Center for American Progress

Surge or No Surge, the Public Has Made Up Its Mind on Iraq

Surge or No Surge, the Public Has Made Up Its Mind on Iraq

Ruy Teixeira shows that since the surge, the public hasn't budged. Americans still think we can't achieve victory and should withdraw troops.

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Iraq is naturally a subject of considerable discussion in this election. And despite some candidates’ claims that the United States is winning in Iraq thanks to the surge, the public couldn’t agree less.

What is remarkable about the surge is how little it has changed the publics basic views about the folly of the Iraq war and the need for ending the conflict. Consider these data from CNN polling. In early May of 2007, 34 percent said they favored the Iraq war and 65 percent opposed it. As the chart below shows, those figures have varied little in polls taken since then, and today the figures are essentially identical to those recorded last May: 34 percent in favor and 64 percent opposed.

And how about achieving victory in Iraq? Just after the start of the surge last April, NBC/Wall Street Journal data showed only 36 percent of the public believing victory is still possible in Iraq and 55 percent believing it isnt. Eight months later, the same poll taken in December still shows only 37 percent believing victory is still possible and 56 percent believing it isnt. Clearly the surge has had no effect on the publics view on the likelihood of victory in Iraq.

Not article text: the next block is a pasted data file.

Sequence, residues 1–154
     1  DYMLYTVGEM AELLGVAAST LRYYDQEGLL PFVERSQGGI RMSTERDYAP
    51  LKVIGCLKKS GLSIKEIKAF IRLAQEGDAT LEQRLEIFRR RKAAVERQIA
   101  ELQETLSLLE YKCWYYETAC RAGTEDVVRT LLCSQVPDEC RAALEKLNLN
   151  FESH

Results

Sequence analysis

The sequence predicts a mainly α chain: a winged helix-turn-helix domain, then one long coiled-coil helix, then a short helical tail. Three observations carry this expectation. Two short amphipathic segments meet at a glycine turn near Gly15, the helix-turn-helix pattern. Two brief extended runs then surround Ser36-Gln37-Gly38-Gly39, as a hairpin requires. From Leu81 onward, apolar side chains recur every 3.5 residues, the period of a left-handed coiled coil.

Finally, how does the public feel about withdrawing troops from Iraq? In January 2007, the first time this question was asked by the Los Angeles Times, 65 percent wanted either to withdraw troops right away (19 percent) or begin withdrawing within a year (46 percent), compared with 30 percent who wanted troops to stay as long as it takes to win the war. A year later, post-surge, those views have barely budged: 63 percent want our troops withdrawn either right away (20 percent) or within a year (43 percent), and just 31 percent want troops to stay as long as it takes.

The surge may have impressed some pundits and conservative presidential candidates, but as these data make abundantly clear, it has not impressed the public. The public continues to wish for a speedy end to this misguided conflict, a view that, at this point, seems very unlikely to change. One can only hope that politicians in the future will be responsive to these clear and consistent views.

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Ruy Teixeira

Former Senior Fellow

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